We haven't been able to that with Bradley, because the soccer was always different and so he has to adjust to that type of soccer. But Bradley is the type of footballer I would have in my team surrounded by the right type of players and he would play good for me.
For years, people have been saying, where's Michael Bradley playing? Is he a 6, is he an 8, is he a 10? Nobody figures it out.
For me, if I surround him well, he's not a 6, he's an 8. An Andres Iniesta, Xavi. He's not a dribbler, but he can play and he gets into the final third well -- like very few.
I have to surround him with a good No. 6 who is technical and can win balls. A Casemiro or Sergio Busquets type. Players who are technical but also know their roles.
SA: When I watched the last few Boys Development Academy championships, I saw a good amount of Latin-style soccer from some of the most successful teams. Do you think that because of the growing presence of Latino players at the grass-roots, we could be headed to a tipping point in which the USA will embrace a more Latin type of play? After all, it’s extremely successful in international soccer.
HUGO PEREZ: You and I know whoever they hire, he is going to be the one who chooses what style they're going to play. That's the reality, because we don't have an established style in this country.
If they were interviewing a coach from Barcelona, you know what kind of style they want.
The thing that worries me is that we still focus more on the physical, athletic aspect than we think about the quality technical intelligent players.
I have nothing against athleticism. I recently watched Brazil beat El Salvador, and the Brazilians had some big boys. There are big boys in there, but they're skillful, they're technical.
SA: Tab Ramos is U.S. Soccer’s Youth Technical Director, as he was when you got fired as U-15 head coach and technical Advisor when Jurgen Klinsmann served as full national team coach and overall Technical Director. You and Tab, former teammates, have in common that you are both among the most skillful players ever to play for the USA -- and spent your early youth soccer in a Latin soccer environment. What do you think about Tab’s role, as Youth Technical Director, in leading the USA to a more desirable style of play?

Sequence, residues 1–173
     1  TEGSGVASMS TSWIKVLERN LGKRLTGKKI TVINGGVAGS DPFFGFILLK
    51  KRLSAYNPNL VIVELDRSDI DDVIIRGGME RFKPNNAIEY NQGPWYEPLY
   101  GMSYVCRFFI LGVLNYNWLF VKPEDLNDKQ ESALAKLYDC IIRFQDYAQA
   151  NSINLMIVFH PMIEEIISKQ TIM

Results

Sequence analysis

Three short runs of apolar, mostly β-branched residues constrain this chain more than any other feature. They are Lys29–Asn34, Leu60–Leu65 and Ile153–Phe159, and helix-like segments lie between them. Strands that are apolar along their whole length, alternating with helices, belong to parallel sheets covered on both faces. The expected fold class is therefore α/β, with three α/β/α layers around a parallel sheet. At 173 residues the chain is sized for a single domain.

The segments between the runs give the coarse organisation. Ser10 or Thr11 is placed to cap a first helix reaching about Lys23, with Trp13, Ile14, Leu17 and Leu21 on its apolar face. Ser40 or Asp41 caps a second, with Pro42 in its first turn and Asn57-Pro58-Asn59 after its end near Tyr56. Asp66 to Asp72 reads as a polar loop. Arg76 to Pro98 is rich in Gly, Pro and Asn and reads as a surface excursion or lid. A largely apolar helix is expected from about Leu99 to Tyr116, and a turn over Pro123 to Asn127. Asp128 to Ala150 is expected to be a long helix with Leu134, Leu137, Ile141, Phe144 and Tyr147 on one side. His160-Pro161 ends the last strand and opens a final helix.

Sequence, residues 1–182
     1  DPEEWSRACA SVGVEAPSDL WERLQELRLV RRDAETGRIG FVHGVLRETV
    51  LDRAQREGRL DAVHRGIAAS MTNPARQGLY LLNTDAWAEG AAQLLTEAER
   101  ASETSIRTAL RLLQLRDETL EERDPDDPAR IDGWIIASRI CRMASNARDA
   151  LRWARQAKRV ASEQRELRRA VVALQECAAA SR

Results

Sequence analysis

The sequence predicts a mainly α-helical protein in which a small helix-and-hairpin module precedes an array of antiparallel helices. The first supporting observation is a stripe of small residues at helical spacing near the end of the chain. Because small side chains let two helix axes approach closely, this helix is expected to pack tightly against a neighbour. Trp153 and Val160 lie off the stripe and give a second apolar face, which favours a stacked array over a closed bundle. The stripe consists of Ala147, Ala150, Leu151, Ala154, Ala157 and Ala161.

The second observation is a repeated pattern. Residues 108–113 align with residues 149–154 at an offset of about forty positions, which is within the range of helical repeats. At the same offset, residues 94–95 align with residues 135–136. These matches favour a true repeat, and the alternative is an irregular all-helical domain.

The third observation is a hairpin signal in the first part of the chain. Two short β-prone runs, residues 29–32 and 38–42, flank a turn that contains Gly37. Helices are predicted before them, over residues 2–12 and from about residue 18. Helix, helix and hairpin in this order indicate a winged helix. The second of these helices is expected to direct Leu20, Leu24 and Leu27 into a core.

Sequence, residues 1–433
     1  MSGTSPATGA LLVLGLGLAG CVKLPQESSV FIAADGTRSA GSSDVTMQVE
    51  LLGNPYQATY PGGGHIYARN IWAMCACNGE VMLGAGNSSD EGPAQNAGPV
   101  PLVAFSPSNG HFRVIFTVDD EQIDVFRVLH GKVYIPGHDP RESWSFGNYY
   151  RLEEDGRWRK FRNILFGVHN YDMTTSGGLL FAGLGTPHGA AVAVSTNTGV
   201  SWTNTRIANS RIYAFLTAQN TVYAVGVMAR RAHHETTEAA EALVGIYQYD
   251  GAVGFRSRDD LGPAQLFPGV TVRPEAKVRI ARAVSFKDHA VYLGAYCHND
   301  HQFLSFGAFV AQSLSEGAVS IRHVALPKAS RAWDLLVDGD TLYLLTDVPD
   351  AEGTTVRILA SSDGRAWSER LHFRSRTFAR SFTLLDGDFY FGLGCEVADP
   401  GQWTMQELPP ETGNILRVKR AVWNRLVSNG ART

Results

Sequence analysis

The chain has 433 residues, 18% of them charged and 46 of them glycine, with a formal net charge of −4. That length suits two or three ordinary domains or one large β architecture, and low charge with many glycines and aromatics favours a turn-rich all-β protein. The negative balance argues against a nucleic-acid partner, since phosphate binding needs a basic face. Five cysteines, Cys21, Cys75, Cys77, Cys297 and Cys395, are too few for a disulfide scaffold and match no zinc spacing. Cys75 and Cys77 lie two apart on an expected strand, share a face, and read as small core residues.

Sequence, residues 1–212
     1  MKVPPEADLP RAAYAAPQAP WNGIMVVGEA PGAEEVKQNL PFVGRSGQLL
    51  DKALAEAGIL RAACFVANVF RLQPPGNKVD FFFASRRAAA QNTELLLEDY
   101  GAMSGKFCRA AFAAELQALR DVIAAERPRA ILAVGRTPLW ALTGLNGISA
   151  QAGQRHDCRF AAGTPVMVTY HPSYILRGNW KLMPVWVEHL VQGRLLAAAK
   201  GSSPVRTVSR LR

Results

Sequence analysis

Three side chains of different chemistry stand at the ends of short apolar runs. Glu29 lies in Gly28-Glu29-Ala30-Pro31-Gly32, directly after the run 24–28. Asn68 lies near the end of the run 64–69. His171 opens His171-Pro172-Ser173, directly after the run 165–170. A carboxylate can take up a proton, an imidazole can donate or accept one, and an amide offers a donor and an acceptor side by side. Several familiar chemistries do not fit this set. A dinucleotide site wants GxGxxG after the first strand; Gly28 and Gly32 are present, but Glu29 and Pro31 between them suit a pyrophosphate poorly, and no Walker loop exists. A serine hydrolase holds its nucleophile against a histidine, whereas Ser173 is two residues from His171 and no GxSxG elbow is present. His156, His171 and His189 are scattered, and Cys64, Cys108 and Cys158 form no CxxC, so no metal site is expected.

HUGO PEREZ: Tab was one of the best players who we ever had in the national team. No question.
I was also assistant with him with the U-20s. I would have to say we both believe in the same soccer, because we love it, it's inside of us. But I think the difference is how much we believe in it, to pursue it, and really go for it. I don’t really what know what Tab’s situation is. I couldn’t understand why he wasn’t made full national team coach. And I have no idea if he has the power to implement changes.
SA: But you do believe that, whatever else happens in American soccer at the various levels, a national team head coach could lead the USA to play what you consider an ideal style of play?
HUGO PEREZ: If you believe in that style of soccer, and you get hired to coach here in America, you bring in the guys who play in MLS and the ones who play in Europe. And you get a base of players.
The first thing you look at is individually, technically, who they are. The second thing is, to implement, you have to teach a style and with that style you have to convince the players that it's the right style for them.
After that, you're going to have to design sessions and team exercises that complement that style to put it in games.